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Re-envisioning an Educational Technology Course for the 21st Century
PROCEEDINGS

, The University of Toledo, United States ; , Keene State College, United States

Society for Information Technology & Teacher Education International Conference, in Charleston, SC, USA ISBN 978-1-880094-67-9 Publisher: Association for the Advancement of Computing in Education (AACE), Chesapeake, VA

Abstract

This study investigated the effects of re-envisioning an educational technology course with a focus on 21st century skills rather than technical development that characterized the last two decades. The variables of gender, year of college, prior exposure to K-16 modeling, and prior use of technology were examined for their influence on preservice teachers’ attitudes, perceptions of the usefulness of technology in the classroom, perceived ability to integrate technology, and computer skills. Exposure to technology modeling significantly, negatively correlated to computer anxiety, but positively correlated to students’ propensity to like computers and their perception of the usefulness of computers for classroom learning. After taking the course, preservice teachers’ computer anxiety was reduced, their perception of technology’s usefulness was increased, and their computers skills increased suggesting some degree of effectiveness in transitioning efforts.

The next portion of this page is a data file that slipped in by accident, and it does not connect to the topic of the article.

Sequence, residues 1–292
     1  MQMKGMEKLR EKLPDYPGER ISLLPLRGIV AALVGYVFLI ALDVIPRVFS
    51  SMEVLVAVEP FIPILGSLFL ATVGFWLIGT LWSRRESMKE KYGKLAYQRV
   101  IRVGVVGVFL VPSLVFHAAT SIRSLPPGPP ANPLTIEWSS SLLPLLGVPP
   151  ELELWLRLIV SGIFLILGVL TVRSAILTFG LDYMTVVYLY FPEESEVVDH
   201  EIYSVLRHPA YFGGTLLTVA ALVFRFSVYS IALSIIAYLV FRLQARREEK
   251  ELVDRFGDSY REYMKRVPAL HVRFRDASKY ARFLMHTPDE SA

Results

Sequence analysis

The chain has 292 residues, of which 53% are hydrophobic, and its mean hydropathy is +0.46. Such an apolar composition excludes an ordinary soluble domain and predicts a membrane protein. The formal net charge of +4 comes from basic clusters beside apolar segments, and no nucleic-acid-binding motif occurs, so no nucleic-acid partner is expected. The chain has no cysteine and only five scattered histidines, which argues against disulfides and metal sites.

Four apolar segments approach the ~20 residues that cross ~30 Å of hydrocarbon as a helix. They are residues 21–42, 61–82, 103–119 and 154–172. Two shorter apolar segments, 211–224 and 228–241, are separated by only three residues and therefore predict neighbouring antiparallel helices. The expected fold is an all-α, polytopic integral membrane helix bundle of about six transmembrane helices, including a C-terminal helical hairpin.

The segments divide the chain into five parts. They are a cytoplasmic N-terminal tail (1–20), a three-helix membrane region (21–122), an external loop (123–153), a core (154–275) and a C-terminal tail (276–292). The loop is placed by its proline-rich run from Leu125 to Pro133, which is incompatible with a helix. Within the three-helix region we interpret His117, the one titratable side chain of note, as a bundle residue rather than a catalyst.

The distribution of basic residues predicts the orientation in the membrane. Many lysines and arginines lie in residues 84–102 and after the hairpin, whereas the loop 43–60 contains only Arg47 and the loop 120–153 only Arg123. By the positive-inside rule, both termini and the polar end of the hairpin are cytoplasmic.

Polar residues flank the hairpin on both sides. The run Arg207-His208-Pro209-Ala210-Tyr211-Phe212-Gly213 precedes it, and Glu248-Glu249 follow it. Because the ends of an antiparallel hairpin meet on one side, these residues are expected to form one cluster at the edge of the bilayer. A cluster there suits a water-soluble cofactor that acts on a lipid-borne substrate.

Citation

Lambert, J. & Gong, Y. (2009). Re-envisioning an Educational Technology Course for the 21st Century. In I. Gibson, R. Weber, K. McFerrin, R. Carlsen & D. Willis (Eds.), Proceedings of SITE 2009--Society for Information Technology & Teacher Education International Conference (pp. 3459-3466). Charleston, SC, USA: Association for the Advancement of Computing in Education (AACE). Retrieved May 21, 2019 from .

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